Riverdale” actress Hayley Law shared fond memories of her co-star Luke Perry, who died on March 4 following a stroke, and vowed the entire series would be dedicated to him.

“Every episode is for him. The whole show is for him. The show wouldn’t be what it is without him,” she told Variety at the premiere of “Five Feet Apart,” toplined by her “Riverdale” co-star Cole Sprouse.

Law plays Valerie Brown, a student at Riverdale High School and Archie Andrews’ (KJ Apa) ex-girlfriend. While her character dated Archie, she shared several scenes with Perry, who played Archie’s father, Fred Andrews. Law said she will cherish “every day on set” she had with him, adding, if she ever had a bad day, he would cheer her up.

“He was so kind to everyone, to fans, to co-workers, anyone. He used to show me pictures of comic conventions and pictures with people. He’d be hugging everyone. He loved everyone and truly appreciated everyone’s support,” she said on Thursday night. “He’d tell me, ‘They’re the reason you’re doing this, that you’re working. So why wouldn’t you show the love back that they give you?'”

Wednesday night’s episode of “Riverdale” paid tribute to Perry, and production shut down following his death. Law has yet to return to set with the cast.

“Obviously it’s hard, but there’s no better group of people to go back to,” she said.

Fellow “Riverdale” stars Sprouse and Lili Reinhart also attended the “Five Feet Apart” premiere in Los Angeles on Thursday night. The romantic drama stars Sprouse and Haley Lu Richardson as two cystic fibrosis patients who fall in love, but must stay apart to avoid cross-infection. “Jane the Virgin” star Justin Baldoni came up with the idea for his feature directorial debut after interviewing Claire Wineland, a terminally ill cystic fibrosis patient, for his documentary series “My Last Days.”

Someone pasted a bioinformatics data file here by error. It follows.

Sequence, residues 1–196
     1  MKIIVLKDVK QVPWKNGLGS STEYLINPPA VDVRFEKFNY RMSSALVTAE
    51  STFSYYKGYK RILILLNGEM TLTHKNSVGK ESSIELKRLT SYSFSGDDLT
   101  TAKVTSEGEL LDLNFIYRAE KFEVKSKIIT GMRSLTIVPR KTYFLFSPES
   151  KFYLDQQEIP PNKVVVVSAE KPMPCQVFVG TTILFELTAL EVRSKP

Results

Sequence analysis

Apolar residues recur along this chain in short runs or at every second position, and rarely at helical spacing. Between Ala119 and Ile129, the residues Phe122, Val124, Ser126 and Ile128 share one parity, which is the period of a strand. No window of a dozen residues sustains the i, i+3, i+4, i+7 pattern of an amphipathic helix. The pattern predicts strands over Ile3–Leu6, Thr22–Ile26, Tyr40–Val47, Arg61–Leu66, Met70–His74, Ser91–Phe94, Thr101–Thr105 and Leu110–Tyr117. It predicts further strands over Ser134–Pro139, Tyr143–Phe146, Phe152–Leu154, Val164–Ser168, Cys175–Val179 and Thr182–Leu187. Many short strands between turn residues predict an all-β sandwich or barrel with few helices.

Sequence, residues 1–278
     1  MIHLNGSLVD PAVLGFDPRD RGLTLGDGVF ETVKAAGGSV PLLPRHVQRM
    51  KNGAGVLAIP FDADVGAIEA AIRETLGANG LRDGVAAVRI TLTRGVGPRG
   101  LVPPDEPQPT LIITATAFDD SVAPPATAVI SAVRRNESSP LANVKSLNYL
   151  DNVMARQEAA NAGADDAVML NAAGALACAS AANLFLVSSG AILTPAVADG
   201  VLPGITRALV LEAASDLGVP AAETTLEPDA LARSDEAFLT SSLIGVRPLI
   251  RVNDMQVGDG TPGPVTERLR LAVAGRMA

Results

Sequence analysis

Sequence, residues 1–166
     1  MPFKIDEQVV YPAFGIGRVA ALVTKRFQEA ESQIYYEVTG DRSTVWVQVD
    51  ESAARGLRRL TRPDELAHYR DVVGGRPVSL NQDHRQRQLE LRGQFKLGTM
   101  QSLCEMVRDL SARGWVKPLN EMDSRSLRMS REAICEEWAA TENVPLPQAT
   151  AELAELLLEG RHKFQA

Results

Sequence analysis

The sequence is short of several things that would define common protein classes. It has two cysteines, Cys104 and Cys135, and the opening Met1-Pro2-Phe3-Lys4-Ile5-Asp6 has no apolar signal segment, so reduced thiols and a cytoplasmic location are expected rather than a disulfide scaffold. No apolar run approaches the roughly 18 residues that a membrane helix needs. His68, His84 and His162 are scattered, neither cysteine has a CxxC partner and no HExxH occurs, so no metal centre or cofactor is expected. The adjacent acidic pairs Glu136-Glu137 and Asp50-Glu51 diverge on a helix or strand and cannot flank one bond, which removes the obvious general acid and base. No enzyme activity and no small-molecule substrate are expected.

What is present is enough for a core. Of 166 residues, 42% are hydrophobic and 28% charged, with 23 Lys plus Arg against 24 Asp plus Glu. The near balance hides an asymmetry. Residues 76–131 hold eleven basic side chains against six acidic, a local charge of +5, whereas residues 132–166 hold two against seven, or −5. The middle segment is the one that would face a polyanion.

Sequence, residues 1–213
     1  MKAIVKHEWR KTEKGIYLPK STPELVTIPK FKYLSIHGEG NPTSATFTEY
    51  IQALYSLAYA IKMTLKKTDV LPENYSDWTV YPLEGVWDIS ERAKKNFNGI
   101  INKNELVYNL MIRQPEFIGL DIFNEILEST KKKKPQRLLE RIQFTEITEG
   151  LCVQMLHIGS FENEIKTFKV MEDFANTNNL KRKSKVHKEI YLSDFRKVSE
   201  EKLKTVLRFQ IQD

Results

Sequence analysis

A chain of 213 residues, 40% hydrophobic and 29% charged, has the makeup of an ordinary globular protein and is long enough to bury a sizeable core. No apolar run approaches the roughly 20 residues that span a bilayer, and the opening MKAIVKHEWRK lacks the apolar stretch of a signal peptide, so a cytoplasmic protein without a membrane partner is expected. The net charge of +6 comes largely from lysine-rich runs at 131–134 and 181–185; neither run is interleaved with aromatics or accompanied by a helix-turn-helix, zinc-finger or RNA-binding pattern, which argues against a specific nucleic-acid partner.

Haley Lu Richardson Cole Sprouse

Claire touched my heart in a way that very few people have. She’s the one that told me all about the fact that people with cystic fibrosis can’t touch, and she showed me what it’s like to live with this invisible disease,” he told Variety. “I really believed there was a movie here that could inspire people and redefine what it means to love, and show an entire generation that’s so used to instant gratification that things are worth fighting for.”

Richardson, who plays the female lead with cystic fibrosis, said she trusted her longtime friend Baldoni with telling a touching story about a disease that doesn’t get much representation on screen.

“I met a girl today who has CF, and she told me she saw the movie and recognized experiences she’s gone through in it. Hearing that from her meant everything,” Richardson said. “That’s all I want, for people with CF to watch this and to feel represented, and for people who don’t have CF to become aware and to leave feeling inspired about their own lives.”

Baldoni’s old pal and former roommate, musician Andy Grammer, wrote the song “Don’t Give Up on Me” specifically for “Five Feet Apart.”

“It’s a sweet message, and it’s been said before, but it can be said again: ‘Don’t give up.’ We’re all going through stuff, especially this community,” he said. “I’ve been getting a lot of messages from people who have cystic fibrosis saying this song means a lot to them, and that means a lot to me.”

Proceeds from the song will go to Claire’s Place Foundation, a non-profit benefiting cystic fibrosis patients created in honor of Wineland.